Running Tune experiments with Nevergrad

In this tutorial we introduce Nevergrad, while running a simple Ray Tune experiment. Tune’s Search Algorithms integrate with Nevergrad and, as a result, allow you to seamlessly scale up a Nevergrad optimization process - without sacrificing performance.

Nevergrad provides gradient/derivative-free optimization able to handle noise over the objective landscape, including evolutionary, bandit, and Bayesian optimization algorithms. Nevergrad internally supports search spaces which are continuous, discrete or a mixture of thereof. It also provides a library of functions on which to test the optimization algorithms and compare with other benchmarks.

In this example we minimize a simple objective to briefly demonstrate the usage of Nevergrad with Ray Tune via NevergradSearch. It’s useful to keep in mind that despite the emphasis on machine learning experiments, Ray Tune optimizes any implicit or explicit objective. Here we assume nevergrad==0.4.3.post7 library is installed. To learn more, please refer to Nevergrad website.

Click below to see all the imports we need for this example. You can also launch directly into a Binder instance to run this notebook yourself. Just click on the rocket symbol at the top of the navigation.

import time

import ray
import nevergrad as ng
from ray import tune
from ray.tune.suggest import ConcurrencyLimiter
from ray.tune.suggest.nevergrad import NevergradSearch

Let’s start by defining a simple evaluation function. We artificially sleep for a bit (0.1 seconds) to simulate a long-running ML experiment. This setup assumes that we’re running multiple steps of an experiment and try to tune two hyperparameters, namely width and height, and activation.

def evaluate(step, width, height, activation):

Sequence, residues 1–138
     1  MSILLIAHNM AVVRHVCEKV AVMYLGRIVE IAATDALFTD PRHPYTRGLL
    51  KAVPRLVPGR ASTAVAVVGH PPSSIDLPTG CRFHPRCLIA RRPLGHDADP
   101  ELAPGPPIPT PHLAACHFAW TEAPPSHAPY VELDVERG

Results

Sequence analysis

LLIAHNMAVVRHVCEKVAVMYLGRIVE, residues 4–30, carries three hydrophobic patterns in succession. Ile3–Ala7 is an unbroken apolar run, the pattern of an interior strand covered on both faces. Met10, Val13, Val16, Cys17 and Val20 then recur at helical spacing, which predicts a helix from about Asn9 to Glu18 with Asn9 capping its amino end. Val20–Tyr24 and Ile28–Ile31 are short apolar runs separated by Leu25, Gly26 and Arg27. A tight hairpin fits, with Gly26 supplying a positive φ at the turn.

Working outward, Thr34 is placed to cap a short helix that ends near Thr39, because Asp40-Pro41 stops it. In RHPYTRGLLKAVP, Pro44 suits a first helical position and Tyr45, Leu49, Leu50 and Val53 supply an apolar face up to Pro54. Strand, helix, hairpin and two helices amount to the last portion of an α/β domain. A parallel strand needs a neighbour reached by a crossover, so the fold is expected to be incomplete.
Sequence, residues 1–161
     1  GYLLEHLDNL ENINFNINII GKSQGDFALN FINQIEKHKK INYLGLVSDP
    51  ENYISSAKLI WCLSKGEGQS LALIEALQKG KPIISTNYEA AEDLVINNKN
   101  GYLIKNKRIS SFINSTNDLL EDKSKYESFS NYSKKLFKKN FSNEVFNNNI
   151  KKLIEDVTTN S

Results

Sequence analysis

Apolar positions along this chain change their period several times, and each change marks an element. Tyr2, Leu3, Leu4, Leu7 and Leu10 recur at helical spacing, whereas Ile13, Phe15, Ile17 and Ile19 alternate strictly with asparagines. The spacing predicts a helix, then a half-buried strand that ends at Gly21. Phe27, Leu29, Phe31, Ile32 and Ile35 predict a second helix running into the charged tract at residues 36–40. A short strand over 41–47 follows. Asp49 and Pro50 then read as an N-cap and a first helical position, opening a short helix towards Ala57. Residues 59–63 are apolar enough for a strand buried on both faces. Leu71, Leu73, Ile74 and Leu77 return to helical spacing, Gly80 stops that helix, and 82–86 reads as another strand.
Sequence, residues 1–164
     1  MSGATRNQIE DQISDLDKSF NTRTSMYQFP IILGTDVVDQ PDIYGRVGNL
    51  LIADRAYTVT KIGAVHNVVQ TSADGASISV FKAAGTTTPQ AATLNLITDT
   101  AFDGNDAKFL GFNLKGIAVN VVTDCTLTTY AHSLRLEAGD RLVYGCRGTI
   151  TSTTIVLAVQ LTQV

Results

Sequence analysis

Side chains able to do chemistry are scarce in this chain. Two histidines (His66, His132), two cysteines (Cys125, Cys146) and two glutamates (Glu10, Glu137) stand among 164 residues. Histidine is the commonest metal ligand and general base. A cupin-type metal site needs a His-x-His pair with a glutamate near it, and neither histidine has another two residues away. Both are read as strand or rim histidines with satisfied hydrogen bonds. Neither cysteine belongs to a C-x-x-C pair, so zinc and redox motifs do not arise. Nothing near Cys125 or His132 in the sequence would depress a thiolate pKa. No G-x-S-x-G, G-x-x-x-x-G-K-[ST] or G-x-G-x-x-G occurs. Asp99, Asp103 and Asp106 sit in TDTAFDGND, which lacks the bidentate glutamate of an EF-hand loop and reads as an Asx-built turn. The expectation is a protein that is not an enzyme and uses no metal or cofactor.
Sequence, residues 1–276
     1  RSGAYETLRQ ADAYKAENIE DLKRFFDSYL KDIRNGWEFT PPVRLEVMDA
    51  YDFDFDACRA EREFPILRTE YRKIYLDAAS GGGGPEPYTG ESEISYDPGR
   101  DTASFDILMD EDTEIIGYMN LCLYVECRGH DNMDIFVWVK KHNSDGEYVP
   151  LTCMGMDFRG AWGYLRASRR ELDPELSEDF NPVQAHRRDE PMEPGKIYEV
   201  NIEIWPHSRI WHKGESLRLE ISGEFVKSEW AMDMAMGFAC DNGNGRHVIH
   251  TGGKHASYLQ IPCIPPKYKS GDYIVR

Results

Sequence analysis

time.sleep(0.1)
    activation_boost = 10 if activation=="relu" else 1
    return (0.1 + width * step / 100) ** (-1) + height * 0.1 + activation_boost

Next, our objective function takes a Tune config, evaluates the score of your experiment in a training loop, and uses tune.report to report the score back to Tune.

def objective(config):
    for step in range(config["steps"]):
        score = evaluate(step, config["width"], config["height"], config["activation"])
        tune.report(iterations=step, mean_loss=score)

Now we construct the hyperparameter search space using ConfigSpace

Next we define the search algorithm built from NevergradSearch, constrained to a maximum of 4 concurrent trials with a ConcurrencyLimiter. Here we use ng.optimizers.OnePlusOne, a simple evolutionary algorithm.

algo = NevergradSearch(
    optimizer=ng.optimizers.OnePlusOne,
)
algo = tune.suggest.ConcurrencyLimiter(algo, max_concurrent=4)

The number of samples is the number of hyperparameter combinations that will be tried out. This Tune run is set to 1000 samples. (you can decrease this if it takes too long on your machine).

num_samples = 1000

Finally, all that’s left is to define a search space.

search_config = {
    "steps": 100,
    "width": tune.uniform(0, 20),
    "height": tune.uniform(-100, 100),
    "activation": tune.choice(["relu, tanh"])
}

Finally, we run the experiment to "min"imize the “mean_loss” of the objective by searching search_space via algo, num_samples times. This previous sentence is fully characterizes the search problem we aim to solve. With this in mind, observe how efficient it is to execute tune.run().

analysis = tune.run(
    objective,
    search_alg=algo,
    metric="mean_loss",
    mode="min",
    name="nevergrad_exp",
    num_samples=num_samples,
    config=search_config,
)

Here are the hyperparamters found to minimize the mean loss of the defined objective.

print("Best hyperparameters found were: ", analysis.best_config)

Optional: passing the (hyper)parameter space into the search algorithm

We can also pass the search space into NevergradSearch using their designed format.

space = ng.p.Dict(
    width=ng.p.Scalar(lower=0, upper=20),
    height=ng.p.Scalar(lower=-100, upper=100),
    activation=ng.p.Choice(choices=["relu", "tanh"])
)
algo = NevergradSearch(
    optimizer=ng.optimizers.OnePlusOne,
    space=space,
    metric="mean_loss",
    mode="min"
)
algo = tune.suggest.ConcurrencyLimiter(algo, max_concurrent=4)

Again we run the experiment, this time with a less passed via the config and instead passed through search_alg.

analysis = tune.run(
    objective,
    search_alg=algo,
#    metric="mean_loss",
#    mode="min",
    name="nevergrad_exp",
    num_samples=num_samples,
    config={"steps": 100},
)